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Feds in Valley Crack Down on Fentanyl as US Overdose Deaths Eclipse 103,000

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The DEA has seized a record 12,000 pounds of fentanyl this year, the Biden administration says. (AP File)
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After the CDC said that a record 103,300 Americans died of drug overdoses in one year, the rise of illicit fentanyl was on full display at the federal courthouse in Fresno on Thursday.

U.S. Attorney Phillip A. Talbert announced the indictments of two men in two separate cases involving fentanyl. A Bakersfield man also pleaded guilty to fentanyl trafficking. And, on Monday, a Fresno man received a five-year prison sentence for trafficking fentanyl and illegally having guns.

The CDC’s number is an estimate based on available death certificate data from May 2020 to April 2021.

Health officials say that number reflects the explosion of fentanyl in the illicit drug supply and the COVID-19 pandemic, which left many drug users isolated and unable to get treatment.

The number is “devastating,” Katherine Keyes, a Columbia University expert on drug abuse, told the Associated Press. “It’s a magnitude of overdose death that we haven’t seen in this country.”

Overdoses Kill More People Than Crashes, Guns

Drug overdoses now surpass deaths from car crashes, guns, and even flu and pneumonia. The death total is close to that for diabetes, the nation’s No. 7 cause of death.

In 2020, according to the CDC, about 93,000 people died of overdoses, a record at the time.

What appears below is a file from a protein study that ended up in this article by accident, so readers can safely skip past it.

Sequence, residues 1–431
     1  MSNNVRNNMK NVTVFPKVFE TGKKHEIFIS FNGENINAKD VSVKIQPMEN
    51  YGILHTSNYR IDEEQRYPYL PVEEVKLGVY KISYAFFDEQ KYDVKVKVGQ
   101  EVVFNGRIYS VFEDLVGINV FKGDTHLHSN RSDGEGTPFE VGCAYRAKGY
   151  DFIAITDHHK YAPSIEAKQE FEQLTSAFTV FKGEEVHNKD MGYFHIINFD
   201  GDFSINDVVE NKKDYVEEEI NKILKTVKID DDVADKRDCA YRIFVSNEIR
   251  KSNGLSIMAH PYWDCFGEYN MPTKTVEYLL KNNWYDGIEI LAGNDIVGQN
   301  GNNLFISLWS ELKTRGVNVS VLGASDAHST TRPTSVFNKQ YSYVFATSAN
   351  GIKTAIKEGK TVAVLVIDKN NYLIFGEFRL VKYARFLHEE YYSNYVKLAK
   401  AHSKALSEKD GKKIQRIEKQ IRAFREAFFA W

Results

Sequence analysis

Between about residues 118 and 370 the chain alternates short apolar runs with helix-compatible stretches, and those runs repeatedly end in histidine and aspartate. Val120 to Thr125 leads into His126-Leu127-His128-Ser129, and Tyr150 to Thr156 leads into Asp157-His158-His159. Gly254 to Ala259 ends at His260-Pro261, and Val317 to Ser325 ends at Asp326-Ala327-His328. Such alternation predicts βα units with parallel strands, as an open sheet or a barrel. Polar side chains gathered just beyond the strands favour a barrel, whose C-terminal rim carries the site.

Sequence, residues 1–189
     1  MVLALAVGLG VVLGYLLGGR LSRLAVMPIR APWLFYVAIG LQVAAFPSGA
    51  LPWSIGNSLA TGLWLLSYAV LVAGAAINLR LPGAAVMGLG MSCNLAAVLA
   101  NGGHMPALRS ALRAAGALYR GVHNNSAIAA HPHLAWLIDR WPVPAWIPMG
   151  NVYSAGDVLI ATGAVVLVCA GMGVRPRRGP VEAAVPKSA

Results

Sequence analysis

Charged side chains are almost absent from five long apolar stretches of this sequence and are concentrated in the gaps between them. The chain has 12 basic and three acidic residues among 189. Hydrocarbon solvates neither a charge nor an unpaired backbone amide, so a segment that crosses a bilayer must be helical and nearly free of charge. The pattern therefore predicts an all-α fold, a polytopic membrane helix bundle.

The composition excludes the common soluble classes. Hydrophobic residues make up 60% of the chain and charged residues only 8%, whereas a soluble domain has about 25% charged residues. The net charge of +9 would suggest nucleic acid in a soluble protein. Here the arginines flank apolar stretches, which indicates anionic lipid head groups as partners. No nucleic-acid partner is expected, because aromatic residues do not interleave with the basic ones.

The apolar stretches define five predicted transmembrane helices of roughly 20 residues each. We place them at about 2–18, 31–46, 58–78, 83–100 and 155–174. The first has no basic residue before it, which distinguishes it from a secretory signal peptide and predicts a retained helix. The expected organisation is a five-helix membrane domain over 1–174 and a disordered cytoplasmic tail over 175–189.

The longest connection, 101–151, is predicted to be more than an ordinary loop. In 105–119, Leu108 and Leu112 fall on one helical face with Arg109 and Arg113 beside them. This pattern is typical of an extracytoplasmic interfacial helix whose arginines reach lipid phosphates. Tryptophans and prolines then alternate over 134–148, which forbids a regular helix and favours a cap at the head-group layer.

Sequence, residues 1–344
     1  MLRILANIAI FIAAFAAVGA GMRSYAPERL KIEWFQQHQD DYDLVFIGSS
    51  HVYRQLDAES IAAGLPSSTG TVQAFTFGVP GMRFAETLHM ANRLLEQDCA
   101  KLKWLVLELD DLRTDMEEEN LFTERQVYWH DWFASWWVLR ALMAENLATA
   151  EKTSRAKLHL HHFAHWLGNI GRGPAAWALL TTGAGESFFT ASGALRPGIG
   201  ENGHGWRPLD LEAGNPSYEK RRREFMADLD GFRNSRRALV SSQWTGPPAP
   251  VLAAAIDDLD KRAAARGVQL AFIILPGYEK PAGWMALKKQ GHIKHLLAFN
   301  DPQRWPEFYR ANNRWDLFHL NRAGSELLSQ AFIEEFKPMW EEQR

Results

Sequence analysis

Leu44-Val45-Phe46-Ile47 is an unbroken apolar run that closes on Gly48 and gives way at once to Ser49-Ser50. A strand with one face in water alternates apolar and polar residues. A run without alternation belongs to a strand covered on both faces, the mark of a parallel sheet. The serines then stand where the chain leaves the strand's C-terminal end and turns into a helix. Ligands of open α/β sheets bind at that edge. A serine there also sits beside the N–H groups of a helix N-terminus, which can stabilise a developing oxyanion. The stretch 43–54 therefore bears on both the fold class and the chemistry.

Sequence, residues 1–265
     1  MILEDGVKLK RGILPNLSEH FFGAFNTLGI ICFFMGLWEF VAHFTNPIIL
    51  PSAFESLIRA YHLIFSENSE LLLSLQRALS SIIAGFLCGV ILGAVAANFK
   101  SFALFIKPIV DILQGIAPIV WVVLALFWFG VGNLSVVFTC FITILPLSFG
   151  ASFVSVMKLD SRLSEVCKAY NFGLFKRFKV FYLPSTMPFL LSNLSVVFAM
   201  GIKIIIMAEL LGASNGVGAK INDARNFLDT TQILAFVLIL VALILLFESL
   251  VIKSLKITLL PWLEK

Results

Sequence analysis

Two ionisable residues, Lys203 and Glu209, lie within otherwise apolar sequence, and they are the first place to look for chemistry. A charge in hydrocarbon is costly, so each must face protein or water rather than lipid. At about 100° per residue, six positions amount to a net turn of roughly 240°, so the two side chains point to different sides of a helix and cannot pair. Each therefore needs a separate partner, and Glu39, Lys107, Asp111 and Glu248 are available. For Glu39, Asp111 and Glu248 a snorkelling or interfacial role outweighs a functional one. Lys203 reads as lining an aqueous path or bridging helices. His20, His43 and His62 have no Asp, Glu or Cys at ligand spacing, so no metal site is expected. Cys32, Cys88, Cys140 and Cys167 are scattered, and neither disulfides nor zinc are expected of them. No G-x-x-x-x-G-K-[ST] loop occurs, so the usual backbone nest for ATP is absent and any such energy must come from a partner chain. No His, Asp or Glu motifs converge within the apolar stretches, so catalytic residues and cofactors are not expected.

The new data shows many of the deaths involve illicit fentanyl, a highly lethal opioid that five years ago surpassed heroin as the type of drug involved in the most overdose deaths. Dealers have mixed fentanyl with other drugs — one reason that deaths from meth and cocaine also are rising.

“This is not just a law enforcement problem,” Fresno County Sheriff Margaret Mims said in 2019 as deaths from illicit fentanyl began to climb locally. “This is a very serious public health issue.”

Latest Valley Fentanyl Cases

Jose Luis Santana, 43, of Shafter, was charged Thursday with possession with intent to distribute fentanyl and heroin. According to court documents, officers seized about 2.5 kilograms of fentanyl, 2.5 kilograms of heroin, two firearms, and approximately $5,000 in cash from his vehicle and motel room in Bakersfield on Tuesday.

Jose Antonio Nunez De Jesus, 27, of Portland, Oregon, was charged with possessing and trafficking fentanyl. After a vehicle stop in Fresno, officers found approximately 34,020 counterfeit OxyContin pills that a test revealed to be fentanyl. According to court records, Nunez said he picked up what he believed were prescription drugs in Los Angeles and was returning to Portland.

Uriel Ivan Portillo, 35, of Bakersfield, pleaded guilty Thursday to drug trafficking. The U.S. Attorney’s Office said that Portillo sold 5,000 counterfeit oxycodone pills containing fentanyl for $40,000 in Bakersfield. He faces up to 20 years in prison and a $1 million fine.

Dillon Thomas Johnson, 20, of Fresno, received a five-year sentence on Monday after pleading guilty to drug trafficking and gun violations. The investigation into Johnson began after two people overdosed on fentanyl pills last year, investigators said.

DEA Seizes 12,000 Pounds of Fentanyl

Drug cartels in Mexico are using chemicals from China to mass-produce and distribute fentanyl and meth across America, said Anne Milgram, administrator of the Drug Enforcement Administration.

This year, the DEA has seized 12,000 pounds of fentanyl, a record amount, Milgram said. But public health experts and even police officials say that law enforcement measures will not stop the epidemic, and more needs to be done to dampen demand and prevent deaths.

(Associated Press contributed to this story.)

 

Bill McEwen is news director and columnist for GV Wire. He joined GV Wire in August 2017 after 37 years at The Fresno Bee. With The Bee, he served as Opinion Editor, City Hall reporter, Metro columnist, sports columnist and sports editor through the years. His work has been frequently honored by the California Newspapers Publishers Association, including authoring first-place editorials in 2015 and 2016. Bill and his wife, Karen, are proud parents of two adult sons, and they have two grandsons. You can contact Bill at 559-492-4031 or at Send an Email